Magazine article Washington Report on Middle East Affairs

"Egypt the Revolution" Conference

Magazine article Washington Report on Middle East Affairs

"Egypt the Revolution" Conference

Article excerpt

Some 200 Egyptian Americans gathered at the Crystal City Marriott in Arlington, VA Oct. 21 to 23 to attend a conference on "Egypt the Revolution." The conference provided a forum for the Egyptian-American community to interact, exchange ideas, and develop action plans on how they can help support Egypt as it emerges from decades of authoritarian rule.

Throughout the weekend, a variety of panels discussed topics ranging from the future of U.S.-Egypt relations to the role Egyptian Americans can play in supporting Egypt economically and politically. Conference attendees and panelists alike were deeply engaged and highly passionate, resulting in at times highly emotional exchanges. The future of Christian-Muslim relations, the leadership of the Supreme Council of the Armed Forces (SCAF), Egypt's economic development, and the voting rights of Egyptian Americans were among the issues of most concern.

Those who flew in from Egypt to attend the conference included youth activists Ahmed Maher, Waleed Rashed, Asmaa Mahfouz and Esraa Abdel Fattah, founders of the April 6 Youth Movement that helped organize the Jan. 25 Tahrir Square protests. Also in attendance was Zahraa Kassem Said, sister of the late Khaled Said, a young man whose death at the hands of Egypt's secret police in 2010 inspired a popular online movement (see November 2010 Washington Report, p. 38). Independent presidential candidates Medhat Khafagy and Bothaina Kamel were conference panelists, while Mohamed ElBaradei spoke via a recorded video.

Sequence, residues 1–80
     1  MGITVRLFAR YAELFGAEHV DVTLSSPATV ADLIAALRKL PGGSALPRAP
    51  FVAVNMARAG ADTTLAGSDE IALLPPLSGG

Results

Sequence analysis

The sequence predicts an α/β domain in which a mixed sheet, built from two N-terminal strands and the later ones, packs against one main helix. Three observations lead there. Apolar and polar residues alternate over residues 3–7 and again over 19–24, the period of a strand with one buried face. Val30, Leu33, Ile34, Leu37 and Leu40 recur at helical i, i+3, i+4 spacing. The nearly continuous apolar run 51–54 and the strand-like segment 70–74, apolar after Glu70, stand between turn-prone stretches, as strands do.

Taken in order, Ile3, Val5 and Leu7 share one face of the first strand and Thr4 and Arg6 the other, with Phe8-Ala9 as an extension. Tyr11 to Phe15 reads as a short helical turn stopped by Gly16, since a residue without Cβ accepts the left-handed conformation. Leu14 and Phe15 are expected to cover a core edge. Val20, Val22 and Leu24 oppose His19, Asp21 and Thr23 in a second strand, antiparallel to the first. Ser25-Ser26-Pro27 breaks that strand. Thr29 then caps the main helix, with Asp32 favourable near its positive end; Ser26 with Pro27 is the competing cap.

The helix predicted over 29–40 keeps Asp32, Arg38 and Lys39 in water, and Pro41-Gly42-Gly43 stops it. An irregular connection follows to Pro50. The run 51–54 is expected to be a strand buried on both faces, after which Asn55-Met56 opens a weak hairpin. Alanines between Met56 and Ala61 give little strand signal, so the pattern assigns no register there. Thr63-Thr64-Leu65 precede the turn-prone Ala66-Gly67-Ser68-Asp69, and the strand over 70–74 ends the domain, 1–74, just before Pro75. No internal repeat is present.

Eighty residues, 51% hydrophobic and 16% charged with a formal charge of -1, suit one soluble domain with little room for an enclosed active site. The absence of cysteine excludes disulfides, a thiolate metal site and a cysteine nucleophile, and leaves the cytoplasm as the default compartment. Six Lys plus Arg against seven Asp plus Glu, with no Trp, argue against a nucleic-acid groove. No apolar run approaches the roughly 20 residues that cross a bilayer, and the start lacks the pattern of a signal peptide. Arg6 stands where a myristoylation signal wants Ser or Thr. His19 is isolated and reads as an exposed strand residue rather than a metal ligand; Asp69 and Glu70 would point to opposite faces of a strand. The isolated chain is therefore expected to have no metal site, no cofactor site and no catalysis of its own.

Congressman Jim Moran (D-VA) addressed the conference Friday night, but declined to deliver a prepared speech, saying he instead preferred to listen to those attending the conference, whom he described as "people who speak from the mind and the heart."

James Zogby, president of the Arab American Institute (AAI), noted that, according to his polling results, Arabs currently see Turkey as the region's leader, but want Egypt to assume that role. "Turkey leads, but is a surrogate for Egypt, who they [Arabs] want to lead," Zogby explained. Zogby concluded by stressing the importance of Egyptian Americans supporting Egypt economically. "Egypt needs your investment, your ingenuity," he emphasized.

Many conference speakers emphasized the importance of a unified Egyptian-American voice. Akram Elzend, a member of the Egyptian-American Cultural Association, pointed out that Egyptian Americans send about $2 billion a year to Egypt-more than the $1.3 billion the U.S. government sends to Egypt's military on an annual basis as a reward for Cairo's peace treaty with Israel. Thus, Elzend maintained, if Egyptian Americans begin to act collectively, they could have significant weight in Egypt's politics and economy. …

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